Steve Zakur on private property no trespassing. You don’t want what I have. Those with questions about public lands in the West need only look east for answers

by Steve Zakur / Monday, Oct 24th, 2016 / Hatch Magazine (read entire story)

[dropcap]“[/dropcap]. . . A little more than 5% of Connecticut’s lands are publicly held. Private ownership closes off vast swaths of streams and forests to outdoor pursuits. And even when private landowners are inclined to open their property the patchwork of access and rules makes use difficult.

By contrast, an Idahoan enjoys copious amounts of landscape for their activities. Two-thirds of Idaho’s lands are in state and federal hands. According to the Outdoor Industry Association, 74% of Idahoans enjoy this bounty. Outdoor recreation in Idaho generates $6.3 billion in outdoor spending, 77,000 jobs for Idahoans, $1.8 billion in wages and salaries and more than $460 million in state and local tax revenue. On a per capita basis, that’s more than double the benefit that Connecticut receives. Double.

Well, which is it? Getting confused by all this let's

Well, which is it? Getting confused? Listen to the Deceivers, better known as “decoy conservationist,” they are the flag-draped dot-org “master” propagandists. Namely, the American Lands Council and American Legislative Exchange Council. Beware of their forked tongues.

 

There are movements afoot in state capitols across the west to try and shift federal lands into state hands. We already know what the result of such a shift would be because state governments have given us ample historic examples. State governments would sell the lands to raise funds to balance budgets. Once those lands are in private hands, whether it be tech billionaires, mining concerns, or foreign oligarchs, the fence posts will be painted, and signs will be posted.

With less public resource, land use conflicts among public users, that’s you and me, become acuter. Mountain bikes vs hikers. Hikers vs Dog Walkers. Dog Walkers vs ATVers. ATVers vs Birders. Birders vs Feral Cat People. We lose more than just access. We lose a bit of ourselves in the ensuing battles.

A bunch of folks out west want to go from what they have — abundant lands that support multiple uses — to the scarcity which we have in the east. That’s what they want? Scarcity overabundance? That’s just plain idiotic.

There are many precious birthrights that we have as Americans. The lands which we all share — those vast swaths of purple mountains and amber waves of grain — are among the most precious. We shouldn’t squander that birthright, shed the abundance, seek scarcity because of political ideology or imprudent fiscal policies

I guarantee that those in the west don’t want what I have, but they may not discover this until it’s too late. And, if history should serve as a lesson, there’s no going back once it has begun. “

An “anonymous” Deceiver replies to Zukar / 10/24/2016

First, this is not going to happen, so the discussion is somewhat academic. Second, there are plenty of examples of both good and bad land management at all levels of public and private ownership. Third, why in the world do we trust that the federal government is better at this sort of thing than state or local control? Fourth, it’s all in the political world, so people who care should get involved with the political institutions – at all levels. Fifth, we want the management of public resources to be responsive to everyone – the thought behind this current discussion is that management closer to the people will be more responsive than bureaucrats in Washington.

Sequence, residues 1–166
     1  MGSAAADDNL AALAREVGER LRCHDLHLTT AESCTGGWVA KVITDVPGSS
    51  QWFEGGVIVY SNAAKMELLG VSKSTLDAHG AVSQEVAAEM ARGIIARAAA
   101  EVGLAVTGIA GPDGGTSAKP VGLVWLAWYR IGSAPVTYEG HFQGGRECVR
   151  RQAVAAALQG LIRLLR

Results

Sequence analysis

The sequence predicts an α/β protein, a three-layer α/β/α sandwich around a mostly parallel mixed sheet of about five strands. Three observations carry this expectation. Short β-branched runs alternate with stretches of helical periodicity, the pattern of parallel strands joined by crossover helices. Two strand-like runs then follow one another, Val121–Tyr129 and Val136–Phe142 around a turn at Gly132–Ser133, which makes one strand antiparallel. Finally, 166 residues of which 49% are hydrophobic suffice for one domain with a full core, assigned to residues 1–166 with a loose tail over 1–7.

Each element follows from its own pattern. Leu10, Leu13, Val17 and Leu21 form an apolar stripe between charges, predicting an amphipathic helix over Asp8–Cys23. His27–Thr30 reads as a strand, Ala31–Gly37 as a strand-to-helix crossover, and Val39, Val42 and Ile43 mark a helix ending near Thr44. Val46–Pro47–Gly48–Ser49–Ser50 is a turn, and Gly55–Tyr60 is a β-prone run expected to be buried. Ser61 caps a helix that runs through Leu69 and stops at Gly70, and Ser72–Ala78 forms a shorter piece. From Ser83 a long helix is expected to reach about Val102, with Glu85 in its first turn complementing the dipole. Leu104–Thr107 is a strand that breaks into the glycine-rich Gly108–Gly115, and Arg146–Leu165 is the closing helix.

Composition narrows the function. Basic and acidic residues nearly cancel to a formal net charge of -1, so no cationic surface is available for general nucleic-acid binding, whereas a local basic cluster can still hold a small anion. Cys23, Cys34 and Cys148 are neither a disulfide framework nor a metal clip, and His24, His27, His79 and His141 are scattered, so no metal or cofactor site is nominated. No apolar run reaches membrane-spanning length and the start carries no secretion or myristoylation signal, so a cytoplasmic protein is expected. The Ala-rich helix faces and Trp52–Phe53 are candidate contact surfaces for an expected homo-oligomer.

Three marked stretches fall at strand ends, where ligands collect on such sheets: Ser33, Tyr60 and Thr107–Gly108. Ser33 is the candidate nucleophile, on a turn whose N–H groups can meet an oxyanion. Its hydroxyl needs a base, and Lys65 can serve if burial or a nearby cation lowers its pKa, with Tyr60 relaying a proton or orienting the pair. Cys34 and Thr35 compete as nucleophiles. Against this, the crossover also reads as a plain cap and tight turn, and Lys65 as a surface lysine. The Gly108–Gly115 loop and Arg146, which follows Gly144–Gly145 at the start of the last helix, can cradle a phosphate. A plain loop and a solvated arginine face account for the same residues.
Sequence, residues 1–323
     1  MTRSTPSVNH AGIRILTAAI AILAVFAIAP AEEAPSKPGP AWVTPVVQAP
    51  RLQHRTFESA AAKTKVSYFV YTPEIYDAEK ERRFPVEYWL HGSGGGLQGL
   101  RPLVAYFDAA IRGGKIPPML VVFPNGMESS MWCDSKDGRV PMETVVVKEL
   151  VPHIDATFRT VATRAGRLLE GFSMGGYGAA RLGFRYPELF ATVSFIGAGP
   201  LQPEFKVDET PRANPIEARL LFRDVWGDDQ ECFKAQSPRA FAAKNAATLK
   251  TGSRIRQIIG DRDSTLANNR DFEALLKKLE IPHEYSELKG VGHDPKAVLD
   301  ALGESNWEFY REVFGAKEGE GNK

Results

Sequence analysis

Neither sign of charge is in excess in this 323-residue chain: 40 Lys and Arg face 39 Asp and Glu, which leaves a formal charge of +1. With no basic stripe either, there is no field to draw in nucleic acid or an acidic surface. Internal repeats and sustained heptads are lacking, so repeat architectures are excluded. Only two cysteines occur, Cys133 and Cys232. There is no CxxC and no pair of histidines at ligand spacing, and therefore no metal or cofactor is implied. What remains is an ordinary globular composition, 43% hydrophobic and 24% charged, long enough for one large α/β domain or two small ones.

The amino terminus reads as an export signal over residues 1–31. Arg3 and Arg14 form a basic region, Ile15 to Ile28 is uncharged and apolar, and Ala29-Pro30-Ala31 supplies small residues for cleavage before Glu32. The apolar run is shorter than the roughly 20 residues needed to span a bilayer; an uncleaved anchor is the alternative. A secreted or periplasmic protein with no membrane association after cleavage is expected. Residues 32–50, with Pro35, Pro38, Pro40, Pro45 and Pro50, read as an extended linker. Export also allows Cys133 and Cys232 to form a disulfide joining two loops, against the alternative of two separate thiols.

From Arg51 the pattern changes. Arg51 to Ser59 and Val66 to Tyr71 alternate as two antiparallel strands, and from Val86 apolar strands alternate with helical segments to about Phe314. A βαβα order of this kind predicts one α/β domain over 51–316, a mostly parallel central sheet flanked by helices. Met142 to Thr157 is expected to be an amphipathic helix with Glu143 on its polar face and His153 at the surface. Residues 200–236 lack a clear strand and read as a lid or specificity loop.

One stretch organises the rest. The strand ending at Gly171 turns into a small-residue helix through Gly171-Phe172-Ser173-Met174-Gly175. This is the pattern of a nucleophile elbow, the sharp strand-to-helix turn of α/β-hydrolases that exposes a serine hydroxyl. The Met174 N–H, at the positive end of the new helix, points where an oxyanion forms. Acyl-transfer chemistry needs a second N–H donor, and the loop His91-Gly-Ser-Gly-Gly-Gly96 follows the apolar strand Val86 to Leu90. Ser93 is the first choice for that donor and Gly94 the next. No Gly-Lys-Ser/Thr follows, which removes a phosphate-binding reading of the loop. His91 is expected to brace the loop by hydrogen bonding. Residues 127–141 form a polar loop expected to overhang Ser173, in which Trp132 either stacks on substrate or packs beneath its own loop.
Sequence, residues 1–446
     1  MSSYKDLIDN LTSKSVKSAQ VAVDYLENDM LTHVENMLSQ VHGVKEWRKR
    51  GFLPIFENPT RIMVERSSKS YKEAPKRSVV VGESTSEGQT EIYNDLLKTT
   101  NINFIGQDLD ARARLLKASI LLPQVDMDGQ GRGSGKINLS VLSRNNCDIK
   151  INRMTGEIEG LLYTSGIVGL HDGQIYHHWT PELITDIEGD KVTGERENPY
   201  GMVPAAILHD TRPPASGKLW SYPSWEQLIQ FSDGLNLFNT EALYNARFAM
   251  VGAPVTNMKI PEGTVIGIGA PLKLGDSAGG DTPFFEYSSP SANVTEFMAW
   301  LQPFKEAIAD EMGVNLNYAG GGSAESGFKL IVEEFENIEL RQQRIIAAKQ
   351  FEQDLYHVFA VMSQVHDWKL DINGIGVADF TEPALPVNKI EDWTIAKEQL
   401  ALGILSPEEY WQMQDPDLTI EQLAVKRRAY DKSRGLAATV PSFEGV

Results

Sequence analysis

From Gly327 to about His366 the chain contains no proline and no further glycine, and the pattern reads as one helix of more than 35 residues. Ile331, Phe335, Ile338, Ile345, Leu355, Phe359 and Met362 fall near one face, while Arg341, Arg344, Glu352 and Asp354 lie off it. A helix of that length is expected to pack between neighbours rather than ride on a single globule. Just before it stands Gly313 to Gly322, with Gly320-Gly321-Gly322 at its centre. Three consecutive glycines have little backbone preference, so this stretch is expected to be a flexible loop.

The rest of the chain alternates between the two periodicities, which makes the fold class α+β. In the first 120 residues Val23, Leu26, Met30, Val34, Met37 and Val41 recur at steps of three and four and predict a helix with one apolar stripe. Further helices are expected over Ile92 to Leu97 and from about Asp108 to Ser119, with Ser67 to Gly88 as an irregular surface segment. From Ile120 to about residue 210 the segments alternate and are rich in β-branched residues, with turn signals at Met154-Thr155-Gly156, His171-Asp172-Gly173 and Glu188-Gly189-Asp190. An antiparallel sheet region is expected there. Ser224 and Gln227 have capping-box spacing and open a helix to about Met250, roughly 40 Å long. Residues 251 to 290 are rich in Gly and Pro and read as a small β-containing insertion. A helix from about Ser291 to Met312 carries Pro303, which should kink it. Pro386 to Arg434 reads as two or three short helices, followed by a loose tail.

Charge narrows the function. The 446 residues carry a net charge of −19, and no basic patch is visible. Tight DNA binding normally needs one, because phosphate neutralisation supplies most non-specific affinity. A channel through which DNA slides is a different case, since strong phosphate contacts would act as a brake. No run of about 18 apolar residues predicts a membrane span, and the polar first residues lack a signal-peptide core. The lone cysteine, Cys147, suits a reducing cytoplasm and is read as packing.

Stephen Zakur replies to Deceiver: 10/25/2016

There’s been no evidence that management by the states leads to better outcomes. In fact, the evidence leads to one outcome — the state sells any value the land has up to and including the land itself and pockets the money. How does Utah help fund education? By creating a land trust that sells land to create an endowment. Nevada started their land trust program with 2,100,000 acres. They now have 3,000 left in public ownership. States sell land when they get their hands on it and they wrap themselves in nice things like education so they can look heroic while fleecing the public. The only way this discussion is academic is if people prevent it from happening. There’s a lot of money being put into this push to privatize public lands. Voices need to be raised in opposition.

Rick Hooley reply to Deceiver / 10/26/2016

This is what happens when states get control of public lands. Utah recently auctioned off over 3600 acres of state land to private bidders. This article was in the Durango, CO Herald

Don Octavio reply to Deceiver / 10/29/2016

Having lived all of my almost 70 years in the west and hunted, fished, backpacked, horse packed, hiked in the tremendous public lands that we have, I can say that this article is spot-on. While we may not be happy all the time by management decisions made by the US Forest Service, BLM, etc., the public land would disappear and be locked off exactly as outlined in this article if it was transferred to state governments. This is a huge issue, and it needs more attention. The same people that want to privatize social security for the benefit of their Wall Street and corporate cronies would love to get their mitts on our public land, sell it off and keep us locked out.

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